Fox narrates a question posed something like this for the basis of the film: What would it look like if we embraced natural gas as the future of our energy?

While a very good question, this picture of what it could look like (or does according to Fox) is one-sided and doesn’t bring the industry’s side into it at all. In the documentary it appears that no one from Halliburton to Chesapeake Energy to Cabot Oil & Gas or T. Boone Pickens would respond to his request for an interview. Whether it happened like that or not, I don’t know, but it clearly is missing any kind of objectivity without the oil and gas’ side.

One of the biggest parts of this debate about the safety of hydraulic fracturing in the media and political realm today, is that those against the industry claim that it is exempt from all environmental laws protecting the earth such as the Safe Drinking Water Act, Clean Air Act, Superfund Act, etc., while those in the oil and gas industry try to explain that it isn’t true.

I covered this word debate regarding “exempt” a bit in my previous post, but how I understand it, is the industry is not exempt as environmentalists and the media claim. The industry is still regulated under the same federal laws as other industries, but only the parts that are relevant to oil and gas operations applicable, and that the Safe Drinking Water Act is not applicable to hydraulic fracturing in this sense. This supposed “loophole” all stemmed from the legal battle between LEAF and the EPA in 1997 over who should regulate hydraulic fracturing in Alabama and whether it was breaking the Safe Drinking Water Act.

The chemicals involved

At first the documentary attacks the process and method of hydraulic fracturing by describing it as “a mixture of water and chemicals being injected into the ground” and describes it as a mini-earthquake. Fox soon after says it’s also a mixture of 596 chemicals in the fracing fluid. Even though I’ve never been on a frac job or worked in the field of the oil and gas industry, I know there are not 596 chemicals involved in hydraulic fracturing. He appears to get his number from Dr. Theo Colborn, an environmental health analyst who focuses her endocrine research on the hazards of low concentration chemicals and its effects on humans and the environment, who claims to have identified these 596 chemicals in water samples of fracing fluid. (which is since up to 944 chemicals on Gasland’s website)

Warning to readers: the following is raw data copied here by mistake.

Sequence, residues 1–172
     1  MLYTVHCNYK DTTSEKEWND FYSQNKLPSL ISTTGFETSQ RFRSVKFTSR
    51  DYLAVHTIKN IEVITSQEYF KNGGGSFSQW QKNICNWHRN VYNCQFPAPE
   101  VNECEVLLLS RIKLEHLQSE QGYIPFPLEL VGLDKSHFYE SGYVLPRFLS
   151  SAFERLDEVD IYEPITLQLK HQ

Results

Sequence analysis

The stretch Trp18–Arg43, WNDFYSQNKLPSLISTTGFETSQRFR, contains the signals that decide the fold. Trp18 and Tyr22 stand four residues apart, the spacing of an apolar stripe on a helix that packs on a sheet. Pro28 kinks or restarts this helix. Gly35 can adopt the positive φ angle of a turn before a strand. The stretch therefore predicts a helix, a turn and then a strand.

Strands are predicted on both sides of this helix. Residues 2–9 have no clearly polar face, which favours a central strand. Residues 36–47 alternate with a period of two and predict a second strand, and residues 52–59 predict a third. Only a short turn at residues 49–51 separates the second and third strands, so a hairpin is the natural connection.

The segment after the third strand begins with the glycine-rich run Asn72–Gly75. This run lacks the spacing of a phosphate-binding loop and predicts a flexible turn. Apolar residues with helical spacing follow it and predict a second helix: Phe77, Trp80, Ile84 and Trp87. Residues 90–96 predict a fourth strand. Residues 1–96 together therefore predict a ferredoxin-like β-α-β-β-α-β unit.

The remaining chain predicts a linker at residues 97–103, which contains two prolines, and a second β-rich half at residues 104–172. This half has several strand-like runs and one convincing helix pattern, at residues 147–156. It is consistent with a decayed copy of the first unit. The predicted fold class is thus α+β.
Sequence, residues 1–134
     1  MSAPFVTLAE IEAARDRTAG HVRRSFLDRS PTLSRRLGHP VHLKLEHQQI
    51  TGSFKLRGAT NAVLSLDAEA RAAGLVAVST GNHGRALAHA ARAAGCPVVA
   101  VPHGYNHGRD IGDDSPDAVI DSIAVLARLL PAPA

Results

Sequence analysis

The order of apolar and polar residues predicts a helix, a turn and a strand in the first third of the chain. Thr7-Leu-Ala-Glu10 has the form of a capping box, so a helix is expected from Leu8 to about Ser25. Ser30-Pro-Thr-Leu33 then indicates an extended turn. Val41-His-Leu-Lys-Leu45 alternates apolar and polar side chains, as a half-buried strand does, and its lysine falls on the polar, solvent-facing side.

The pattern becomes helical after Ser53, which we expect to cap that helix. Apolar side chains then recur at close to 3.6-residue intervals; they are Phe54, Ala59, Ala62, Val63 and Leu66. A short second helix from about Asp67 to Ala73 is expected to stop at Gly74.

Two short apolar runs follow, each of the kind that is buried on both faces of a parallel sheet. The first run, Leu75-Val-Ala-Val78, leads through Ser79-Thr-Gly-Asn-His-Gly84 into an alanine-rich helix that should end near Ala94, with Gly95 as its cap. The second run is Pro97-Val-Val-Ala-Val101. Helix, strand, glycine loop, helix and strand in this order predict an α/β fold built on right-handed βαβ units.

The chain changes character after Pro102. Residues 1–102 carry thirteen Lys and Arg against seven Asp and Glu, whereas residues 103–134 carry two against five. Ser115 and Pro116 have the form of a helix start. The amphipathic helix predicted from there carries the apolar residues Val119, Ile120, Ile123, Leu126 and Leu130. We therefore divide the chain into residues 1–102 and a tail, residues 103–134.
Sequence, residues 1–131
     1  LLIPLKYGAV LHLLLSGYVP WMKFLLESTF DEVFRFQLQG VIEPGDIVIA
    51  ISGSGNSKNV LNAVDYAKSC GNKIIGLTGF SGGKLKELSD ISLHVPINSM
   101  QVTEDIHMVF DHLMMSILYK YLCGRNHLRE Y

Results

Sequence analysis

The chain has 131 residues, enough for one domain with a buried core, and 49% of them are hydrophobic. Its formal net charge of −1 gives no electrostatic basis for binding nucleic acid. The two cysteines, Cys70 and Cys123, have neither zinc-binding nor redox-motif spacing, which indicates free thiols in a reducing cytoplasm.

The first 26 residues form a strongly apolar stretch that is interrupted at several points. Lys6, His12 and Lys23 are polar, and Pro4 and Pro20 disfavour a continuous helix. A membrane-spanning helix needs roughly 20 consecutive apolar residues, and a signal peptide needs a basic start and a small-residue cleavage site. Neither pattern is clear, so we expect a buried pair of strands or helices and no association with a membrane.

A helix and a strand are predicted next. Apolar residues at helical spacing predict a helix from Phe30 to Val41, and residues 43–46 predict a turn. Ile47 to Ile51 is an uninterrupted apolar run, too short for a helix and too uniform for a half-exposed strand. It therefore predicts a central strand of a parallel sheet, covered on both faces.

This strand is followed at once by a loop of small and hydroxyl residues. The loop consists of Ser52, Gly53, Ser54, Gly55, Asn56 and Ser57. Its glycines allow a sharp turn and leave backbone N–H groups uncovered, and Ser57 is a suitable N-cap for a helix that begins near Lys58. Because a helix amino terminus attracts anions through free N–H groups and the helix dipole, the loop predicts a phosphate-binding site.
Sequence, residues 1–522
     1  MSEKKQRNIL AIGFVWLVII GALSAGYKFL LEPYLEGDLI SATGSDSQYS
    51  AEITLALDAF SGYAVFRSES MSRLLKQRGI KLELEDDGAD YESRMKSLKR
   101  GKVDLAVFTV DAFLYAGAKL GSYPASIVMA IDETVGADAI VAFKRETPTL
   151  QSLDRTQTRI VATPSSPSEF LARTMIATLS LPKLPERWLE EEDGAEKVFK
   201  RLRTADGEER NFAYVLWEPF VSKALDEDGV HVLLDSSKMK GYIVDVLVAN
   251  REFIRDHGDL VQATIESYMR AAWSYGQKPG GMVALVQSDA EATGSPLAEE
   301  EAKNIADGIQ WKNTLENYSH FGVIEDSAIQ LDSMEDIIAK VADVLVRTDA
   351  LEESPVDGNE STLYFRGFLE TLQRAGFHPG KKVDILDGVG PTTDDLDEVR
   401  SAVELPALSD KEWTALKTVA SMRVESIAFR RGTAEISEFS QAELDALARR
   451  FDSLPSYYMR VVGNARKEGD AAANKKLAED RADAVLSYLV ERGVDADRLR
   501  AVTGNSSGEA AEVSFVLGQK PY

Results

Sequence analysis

At the time when this documentary was filmed, it is my understanding that the names of chemicals that made up the hydraulic fracturing fluid were not often released because they were considered a proprietary secret. Since then, large corporations have begun posting what chemicals are used voluntary, and in addition many states are now requiring them by law to disclose them as well.

Wasting all the country’s water

The second point that Fox brings up in his documentary is the vast amount of water used in the hydraulic fracturing process. It’s true that millions of gallons are used during the process when fracing a well, and Fox hypes that point up over and over as he adds up how many millions and billions of gallons of water that have been used since wells began to be hydraulically fractured in 1949. What he fails to point out, is how other industries use water as well. Put into perspective, as many oil and gas proponents have already done, it isn’t an insane amount of water as it seems on screen.

Energy In Depth, (EID) the industry’s watchdog association made up of oil and gas producers across the country and affiliated with the state’s individual oil and gas associations, writes on its site that golf courses use 1.5 million gallons of water every five days – whereas a frac job uses 1-5 million gallons per frac job (which is typically one to several per well, depending on if it’s a horizontal or vertical well).

Once you get past the first 10-15 minutes of the movie jumping around from image to image with a voiceover on top, the film itself is actually quite captivating, as much as it pains me to admit it. I found myself wrapped up in the dialogue and disturbing graphics and interviews with landowners, whether any of it was true or not.

Many of these points I bring up here were refuted with documentation by EID and I’ll discuss what they refuted. You can read their entire claims here. Some are simply observations from the top of my head that I’d like to discuss with oil and gas producers who regularly deal with hydraulic fracturing in an upcoming question and answer post because they, more than anyone, would know the facts about how hydraulic fracturing really works.